While Redbox might be doing bang-up business with their 24,000 DVD rental kiosks around the country, the company knows how quickly you can go from the front of the pack to the rear (just ask Blockbuster). So in an attempt to compete with online rental and streaming service Netflix, Redbox’s president says it’s hatching a plan to expand its market to online users.
Reader G is a little ticked off at Redbox because he reserved a new release using Redbox.com, headed over to the kiosk to pick it up and found that some angry person had smashed the touchscreen. No big deal, he’d just call and get a refund, right? Apparently not. Redbox only offers “free rental codes” that G says he can’t use on reserved DVDs. This kinda bugs him.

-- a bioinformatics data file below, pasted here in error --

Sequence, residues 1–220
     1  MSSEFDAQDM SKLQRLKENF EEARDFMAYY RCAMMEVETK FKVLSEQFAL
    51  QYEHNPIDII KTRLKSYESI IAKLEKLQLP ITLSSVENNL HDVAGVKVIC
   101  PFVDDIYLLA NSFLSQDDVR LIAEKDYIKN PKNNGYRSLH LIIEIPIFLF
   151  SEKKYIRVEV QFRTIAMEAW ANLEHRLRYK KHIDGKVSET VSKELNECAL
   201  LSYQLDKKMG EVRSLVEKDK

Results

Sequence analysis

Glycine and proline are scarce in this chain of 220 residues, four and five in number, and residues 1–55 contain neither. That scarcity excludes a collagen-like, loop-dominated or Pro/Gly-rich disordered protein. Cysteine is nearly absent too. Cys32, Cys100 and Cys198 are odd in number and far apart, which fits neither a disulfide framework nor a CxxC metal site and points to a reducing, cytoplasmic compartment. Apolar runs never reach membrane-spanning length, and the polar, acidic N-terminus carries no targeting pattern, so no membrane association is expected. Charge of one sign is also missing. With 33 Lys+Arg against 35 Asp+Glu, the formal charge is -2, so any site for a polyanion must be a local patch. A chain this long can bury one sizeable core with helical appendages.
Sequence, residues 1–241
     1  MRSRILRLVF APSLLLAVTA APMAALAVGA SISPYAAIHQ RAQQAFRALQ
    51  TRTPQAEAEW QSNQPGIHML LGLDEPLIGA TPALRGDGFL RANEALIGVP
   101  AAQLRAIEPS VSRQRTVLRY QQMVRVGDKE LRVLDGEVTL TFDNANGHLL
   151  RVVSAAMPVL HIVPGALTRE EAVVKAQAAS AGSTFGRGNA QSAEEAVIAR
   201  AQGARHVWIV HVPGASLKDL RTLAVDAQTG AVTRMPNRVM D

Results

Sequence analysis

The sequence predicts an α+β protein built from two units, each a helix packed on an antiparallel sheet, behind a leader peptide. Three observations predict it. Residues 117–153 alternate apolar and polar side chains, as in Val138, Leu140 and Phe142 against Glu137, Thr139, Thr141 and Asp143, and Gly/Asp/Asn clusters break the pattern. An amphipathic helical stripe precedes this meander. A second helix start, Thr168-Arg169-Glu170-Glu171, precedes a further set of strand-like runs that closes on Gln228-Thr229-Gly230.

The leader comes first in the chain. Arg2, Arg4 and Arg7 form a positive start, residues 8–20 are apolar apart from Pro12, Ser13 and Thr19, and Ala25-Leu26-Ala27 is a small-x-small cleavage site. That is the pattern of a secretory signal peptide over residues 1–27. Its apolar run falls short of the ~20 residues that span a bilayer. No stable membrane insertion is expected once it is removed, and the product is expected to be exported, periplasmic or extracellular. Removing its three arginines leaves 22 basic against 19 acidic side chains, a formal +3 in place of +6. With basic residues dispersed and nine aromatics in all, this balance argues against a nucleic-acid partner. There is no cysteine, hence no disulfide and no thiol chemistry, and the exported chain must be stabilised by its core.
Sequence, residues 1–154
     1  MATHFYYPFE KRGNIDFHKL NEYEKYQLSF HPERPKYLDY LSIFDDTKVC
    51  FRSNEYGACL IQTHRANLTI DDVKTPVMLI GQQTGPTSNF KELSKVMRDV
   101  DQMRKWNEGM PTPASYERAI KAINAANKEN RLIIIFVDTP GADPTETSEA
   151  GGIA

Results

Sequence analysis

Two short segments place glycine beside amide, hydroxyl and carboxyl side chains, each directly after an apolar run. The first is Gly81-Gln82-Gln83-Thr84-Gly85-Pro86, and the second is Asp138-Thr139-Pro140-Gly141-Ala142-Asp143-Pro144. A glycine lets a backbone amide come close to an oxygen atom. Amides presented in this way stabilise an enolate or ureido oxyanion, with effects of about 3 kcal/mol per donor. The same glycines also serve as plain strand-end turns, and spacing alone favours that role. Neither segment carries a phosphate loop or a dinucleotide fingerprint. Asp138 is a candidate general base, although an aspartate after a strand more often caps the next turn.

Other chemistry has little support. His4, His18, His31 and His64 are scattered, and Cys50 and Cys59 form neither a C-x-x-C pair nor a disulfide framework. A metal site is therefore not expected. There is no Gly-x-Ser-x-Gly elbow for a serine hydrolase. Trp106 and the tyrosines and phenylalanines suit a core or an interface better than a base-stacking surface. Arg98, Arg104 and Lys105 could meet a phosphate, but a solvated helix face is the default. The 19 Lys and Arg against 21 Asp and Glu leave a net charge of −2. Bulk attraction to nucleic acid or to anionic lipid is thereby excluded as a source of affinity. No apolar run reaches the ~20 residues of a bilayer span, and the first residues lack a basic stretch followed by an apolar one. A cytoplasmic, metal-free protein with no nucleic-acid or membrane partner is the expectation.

John, like many people, enjoys renting movies from Redbox kiosks and does so frequently. Recently, the machine wouldn’t accept his disc back. It’s not a huge inconvenience, but he started to wonder why he, the customer, needs to go out of his way due to a problem on the company’s end.
Reader Jamie used to enjoy the convenience of those DVD rental vending machines you see in supermarkets, but that quickly changed when she was mistakenly billed $74.90 on her debit card for 2 DVDs. One would think a few calls to customer service would fix this mess but “The New Release” has left Jamie twisting in the wind. Her letter and our advice, inside…